Can I be a firefighter with Tourette?

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Please note: Articles on lived experiences can be a trigger for those with tics, OCD and anxiety disorders. Articles are intended to show we aren’t alone, and that help can improve quality of life.

Being a firefighter requires high levels of focus, fitness and pressure handling. 

Tourette can pose a challenge for some, depending on the severity. As always, we provide an insight into someone with Tourette overcoming this hurdle and becoming successful in the field.

Tribive– a news site based in Western Pennsylvania- ran an article on a retired firefighter. 

Jay Goodman didn’t know why he had ‘nervous tics’ growing up. It was too expensive to see the doctor. He was 54 when the above article was published in 2007.

Despite the setbacks, he joined the Army and then the Pittsburgh Fire Department.

He found information about Tourette, and attended an event through a Tourette Association.

It is unclear from the article whether this association was the Tourette Association of America. The TAA was running for over a decade at this point.

Goodman didn’t just succeed as a firefighter, he became ‘vice-president of the Pennsylvania Tourette Syndrome Association and president of the association’s Western Pennsylvania chapter’.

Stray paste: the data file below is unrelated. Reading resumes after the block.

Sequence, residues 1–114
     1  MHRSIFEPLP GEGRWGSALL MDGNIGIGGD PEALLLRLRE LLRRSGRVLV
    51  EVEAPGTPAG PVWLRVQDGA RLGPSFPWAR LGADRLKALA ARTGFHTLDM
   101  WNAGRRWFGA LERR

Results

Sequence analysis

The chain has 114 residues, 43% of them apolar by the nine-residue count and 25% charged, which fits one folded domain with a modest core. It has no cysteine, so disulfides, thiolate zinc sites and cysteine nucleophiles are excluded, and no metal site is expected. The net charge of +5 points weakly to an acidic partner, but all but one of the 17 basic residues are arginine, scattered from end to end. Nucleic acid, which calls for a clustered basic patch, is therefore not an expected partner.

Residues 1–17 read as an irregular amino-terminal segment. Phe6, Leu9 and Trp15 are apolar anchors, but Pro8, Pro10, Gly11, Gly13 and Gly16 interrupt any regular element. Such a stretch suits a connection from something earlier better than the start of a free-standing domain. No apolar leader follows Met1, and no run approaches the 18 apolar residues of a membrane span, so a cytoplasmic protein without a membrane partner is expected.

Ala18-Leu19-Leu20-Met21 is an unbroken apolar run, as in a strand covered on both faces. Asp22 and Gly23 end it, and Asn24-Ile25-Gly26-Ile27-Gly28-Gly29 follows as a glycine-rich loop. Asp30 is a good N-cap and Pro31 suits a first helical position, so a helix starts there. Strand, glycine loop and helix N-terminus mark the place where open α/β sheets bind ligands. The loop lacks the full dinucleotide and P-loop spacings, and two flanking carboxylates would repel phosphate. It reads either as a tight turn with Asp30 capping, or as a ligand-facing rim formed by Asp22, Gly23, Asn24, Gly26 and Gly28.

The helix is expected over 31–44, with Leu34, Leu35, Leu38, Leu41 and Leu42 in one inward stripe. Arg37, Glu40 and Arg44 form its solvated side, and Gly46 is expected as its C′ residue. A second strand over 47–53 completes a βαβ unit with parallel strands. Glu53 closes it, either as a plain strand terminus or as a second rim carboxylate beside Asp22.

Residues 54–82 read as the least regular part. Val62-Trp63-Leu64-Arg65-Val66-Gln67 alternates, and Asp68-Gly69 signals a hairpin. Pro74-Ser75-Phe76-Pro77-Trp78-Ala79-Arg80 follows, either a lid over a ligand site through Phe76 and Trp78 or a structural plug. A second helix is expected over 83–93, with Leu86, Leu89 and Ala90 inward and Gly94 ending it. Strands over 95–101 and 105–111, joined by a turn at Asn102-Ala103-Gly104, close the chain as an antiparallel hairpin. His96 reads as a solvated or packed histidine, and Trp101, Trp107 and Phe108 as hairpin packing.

A beautiful and inspirational story for anyone looking at this as a career option.

As Goodman found out, tics don’t automatically disqualify someone from becoming a firefighter. 

Some departments- nationally and internationally- list disqualifying conditions on their website.

A shoutout to the City of Spruce Grove, Alberta, Canada!

On their dedicated website, it mentions criteria for joining the city’s fire department, also linking to the National Fire Protection Association.

It states the following:

“Any neurological condition that results in the candidate not being able to safely perform one or more of the essential job tasks”

Basically, Tourette is not a disqualifying condition, providing it isn’t preventing a firefighter to safely perform the required tasks.

This is why Tourette always need to be assessed on a case by case basis.

If you wish to be a firefighter, go for it. Be honest about tics if you know they could possibly pose a challenge or a danger to yourself and colleagues. 

It is understandable to be concerned that recruiters may discriminate, especially with a lack of knowledge about Tourette.

Goodman proved that having tics wasn’t an issue, and he was able to prove his worth and skillset to get the job.

There are many other factors recruiters take into account when hiring, so keeping focus on meeting the required criteria outside of Tourette is equally important.

Good luck with your application!

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DISCLAIMER: Articles contain lived experiences, but cannot be used to diagnose. Medical advice can only come from trained professionals. 

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